Marcel Dyf (1899-1985), French painter, painted still-life scenes of flowers, gardens and pastoral scenes, but his true passion lay in portraiture. Noted for his portraits, his inspiration for many compositions often came from his wife Claudine who posed for him and allowed him to immortalize the spirit of womanhood. His wife, Claudine, became a frequent subject of his work.
Dyf met Claudine Godat in the summer of 1954. Aged 19, she was thirty-six years younger than Dyf and with her long fair hair, clear skin, vivacity and patience, she was what the artist felt to be his perfect model. It was simply love at first sight. There was an instant rapport between them and her arrival in his life acted as a catalyst, bringing Dyf’s art forward to the threshold of its most mature phase. They married in 1956 settled together in their main home.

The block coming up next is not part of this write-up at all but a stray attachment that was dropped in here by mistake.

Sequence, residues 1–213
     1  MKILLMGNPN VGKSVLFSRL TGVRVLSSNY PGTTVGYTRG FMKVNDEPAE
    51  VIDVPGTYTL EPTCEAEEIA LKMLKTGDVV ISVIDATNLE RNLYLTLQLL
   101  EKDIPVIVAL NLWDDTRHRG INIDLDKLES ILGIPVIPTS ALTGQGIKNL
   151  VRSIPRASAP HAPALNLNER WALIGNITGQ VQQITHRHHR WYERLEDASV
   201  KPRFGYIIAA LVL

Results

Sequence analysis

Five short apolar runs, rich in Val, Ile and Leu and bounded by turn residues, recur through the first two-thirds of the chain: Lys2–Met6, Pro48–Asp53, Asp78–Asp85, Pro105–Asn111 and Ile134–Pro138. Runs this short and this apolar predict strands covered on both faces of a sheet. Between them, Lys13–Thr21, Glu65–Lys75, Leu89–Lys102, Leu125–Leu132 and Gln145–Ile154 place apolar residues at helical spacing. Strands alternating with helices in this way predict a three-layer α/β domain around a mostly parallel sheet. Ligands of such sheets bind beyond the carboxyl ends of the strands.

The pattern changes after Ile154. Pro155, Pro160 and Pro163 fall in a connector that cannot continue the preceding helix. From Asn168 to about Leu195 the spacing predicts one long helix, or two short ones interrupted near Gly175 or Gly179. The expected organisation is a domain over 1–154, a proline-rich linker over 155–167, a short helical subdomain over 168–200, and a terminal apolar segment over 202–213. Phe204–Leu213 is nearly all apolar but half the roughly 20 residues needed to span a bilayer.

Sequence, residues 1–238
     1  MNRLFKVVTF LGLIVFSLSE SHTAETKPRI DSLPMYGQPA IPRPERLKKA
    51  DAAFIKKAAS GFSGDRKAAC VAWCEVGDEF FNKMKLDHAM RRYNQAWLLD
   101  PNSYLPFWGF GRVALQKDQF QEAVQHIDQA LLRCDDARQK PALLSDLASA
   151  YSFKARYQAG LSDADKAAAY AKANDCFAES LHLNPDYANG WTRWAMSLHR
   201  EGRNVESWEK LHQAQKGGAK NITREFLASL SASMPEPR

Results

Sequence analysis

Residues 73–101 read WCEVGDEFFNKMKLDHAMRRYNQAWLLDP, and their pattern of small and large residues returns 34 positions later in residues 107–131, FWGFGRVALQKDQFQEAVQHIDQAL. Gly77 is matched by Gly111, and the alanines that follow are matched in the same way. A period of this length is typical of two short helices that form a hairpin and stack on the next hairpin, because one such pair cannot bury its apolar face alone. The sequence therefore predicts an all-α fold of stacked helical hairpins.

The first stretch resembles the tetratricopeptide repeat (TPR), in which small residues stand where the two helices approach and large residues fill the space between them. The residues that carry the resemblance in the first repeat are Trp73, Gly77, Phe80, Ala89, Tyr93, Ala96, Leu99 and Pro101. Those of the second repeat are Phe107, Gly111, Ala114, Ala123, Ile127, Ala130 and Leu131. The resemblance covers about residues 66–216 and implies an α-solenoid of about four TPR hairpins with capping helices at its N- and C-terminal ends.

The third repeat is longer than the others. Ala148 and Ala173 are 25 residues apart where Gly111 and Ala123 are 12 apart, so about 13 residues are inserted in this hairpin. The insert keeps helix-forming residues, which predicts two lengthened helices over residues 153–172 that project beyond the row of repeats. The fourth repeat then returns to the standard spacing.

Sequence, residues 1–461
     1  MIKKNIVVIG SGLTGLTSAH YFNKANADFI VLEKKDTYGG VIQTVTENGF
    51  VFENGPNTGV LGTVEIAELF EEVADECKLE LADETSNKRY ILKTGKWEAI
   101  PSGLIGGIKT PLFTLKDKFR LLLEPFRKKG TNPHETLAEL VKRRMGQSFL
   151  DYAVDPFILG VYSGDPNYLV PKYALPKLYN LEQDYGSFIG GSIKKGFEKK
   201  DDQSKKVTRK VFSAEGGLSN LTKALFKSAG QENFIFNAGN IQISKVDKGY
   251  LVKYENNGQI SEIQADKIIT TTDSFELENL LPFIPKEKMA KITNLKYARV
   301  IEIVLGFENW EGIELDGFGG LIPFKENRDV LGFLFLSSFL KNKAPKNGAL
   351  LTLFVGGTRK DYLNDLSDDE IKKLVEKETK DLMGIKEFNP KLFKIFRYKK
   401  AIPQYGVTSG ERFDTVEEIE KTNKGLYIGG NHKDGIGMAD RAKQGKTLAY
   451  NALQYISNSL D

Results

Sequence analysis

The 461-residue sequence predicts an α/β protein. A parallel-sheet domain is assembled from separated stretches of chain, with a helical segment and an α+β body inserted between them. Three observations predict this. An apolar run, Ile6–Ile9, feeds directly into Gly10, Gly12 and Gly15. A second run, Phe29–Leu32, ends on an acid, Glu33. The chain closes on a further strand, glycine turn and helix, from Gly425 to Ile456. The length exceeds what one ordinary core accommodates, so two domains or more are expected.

Claudine brought into the life of the artist vigour and vitality and he was tirelessly painting her in all imaginable poses and situations. To watch Dyf paint was entrancing. Even as an old man, he would stand rather than sit before the easel, working with extraordinary vigour and intense concentration. His palette was a rainbow of fresh colours and his hand continually darted back and forth from the canvas.